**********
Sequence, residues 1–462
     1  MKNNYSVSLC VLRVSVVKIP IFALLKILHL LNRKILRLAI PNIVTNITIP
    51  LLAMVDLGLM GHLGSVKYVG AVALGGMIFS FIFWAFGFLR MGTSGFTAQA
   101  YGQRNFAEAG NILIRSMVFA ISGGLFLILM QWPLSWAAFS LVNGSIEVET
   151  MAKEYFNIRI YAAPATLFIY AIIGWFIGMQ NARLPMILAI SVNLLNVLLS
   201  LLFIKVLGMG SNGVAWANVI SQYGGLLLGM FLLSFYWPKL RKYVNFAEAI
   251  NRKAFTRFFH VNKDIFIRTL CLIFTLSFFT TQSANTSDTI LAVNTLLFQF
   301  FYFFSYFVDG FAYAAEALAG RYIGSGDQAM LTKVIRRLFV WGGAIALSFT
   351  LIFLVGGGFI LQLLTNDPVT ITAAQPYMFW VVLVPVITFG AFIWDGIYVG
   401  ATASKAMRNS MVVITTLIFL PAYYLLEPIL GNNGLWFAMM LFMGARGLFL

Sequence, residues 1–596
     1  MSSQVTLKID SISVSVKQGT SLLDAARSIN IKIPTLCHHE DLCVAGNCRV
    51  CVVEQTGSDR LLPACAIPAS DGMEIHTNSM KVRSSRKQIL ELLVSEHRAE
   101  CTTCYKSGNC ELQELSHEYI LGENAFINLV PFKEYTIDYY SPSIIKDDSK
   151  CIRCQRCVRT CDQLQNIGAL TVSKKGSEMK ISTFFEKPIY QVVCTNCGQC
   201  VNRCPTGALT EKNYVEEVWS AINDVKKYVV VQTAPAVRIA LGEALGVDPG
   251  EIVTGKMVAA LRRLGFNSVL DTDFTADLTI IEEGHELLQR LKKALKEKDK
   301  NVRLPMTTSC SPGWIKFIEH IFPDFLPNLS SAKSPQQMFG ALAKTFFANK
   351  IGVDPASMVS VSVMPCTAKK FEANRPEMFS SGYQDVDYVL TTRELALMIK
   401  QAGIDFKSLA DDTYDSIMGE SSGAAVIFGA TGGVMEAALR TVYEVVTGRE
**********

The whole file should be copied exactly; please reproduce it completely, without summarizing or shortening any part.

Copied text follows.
Sequence, residues 1–462
     1  MKNNYSVSLC VLRVSVVKIP IFALLKILHL LNRKILRLAI PNIVTNITIP
    51  LLAMVDLGLM GHLGSVKYVG AVALGGMIFS FIFWAFGFLR MGTSGFTAQA
   101  YGQRNFAEAG NILIRSMVFA ISGGLFLILM QWPLSWAAFS LVNGSIEVET
   151  MAKEYFNIRI YAAPATLFIY AIIGWFIGMQ NARLPMILAI SVNLLNVLLS
   201  LLFIKVLGMG SNGVAWANVI SQYGGLLLGM FLLSFYWPKL RKYVNFAEAI
   251  NRKAFTRFFH VNKDIFIRTL CLIFTLSFFT TQSANTSDTI LAVNTLLFQF
   301  FYFFSYFVDG FAYAAEALAG RYIGSGDQAM LTKVIRRLFV WGGAIALSFT
   351  LIFLVGGGFI LQLLTNDPVT ITAAQPYMFW VVLVPVITFG AFIWDGIYVG
   401  ATASKAMRNS MVVITTLIFL PAYYLLEPIL GNNGLWFAMM LFMGARGLFL

Sequence, residues 1–596
     1  MSSQVTLKID SISVSVKQGT SLLDAARSIN IKIPTLCHHE DLCVAGNCRV
    51  CVVEQTGSDR LLPACAIPAS DGMEIHTNSM KVRSSRKQIL ELLVSEHRAE
   101  CTTCYKSGNC ELQELSHEYI LGENAFINLV PFKEYTIDYY SPSIIKDDSK
   151  CIRCQRCVRT CDQLQNIGAL TVSKKGSEMK ISTFFEKPIY QVVCTNCGQC
   201  VNRCPTGALT EKNYVEEVWS AINDVKKYVV VQTAPAVRIA LGEALGVDPG
   251  EIVTGKMVAA LRRLGFNSVL DTDFTADLTI IEEGHELLQR LKKALKEKDK
   301  NVRLPMTTSC SPGWIKFIEH IFPDFLPNLS SAKSPQQMFG ALAKTFFANK
   351  IGVDPASMVS VSVMPCTAKK FEANRPEMFS SGYQDVDYVL TTRELALMIK
   401  QAGIDFKSLA DDTYDSIMGE SSGAAVIFGA TGGVMEAALR TVYEVVTGRE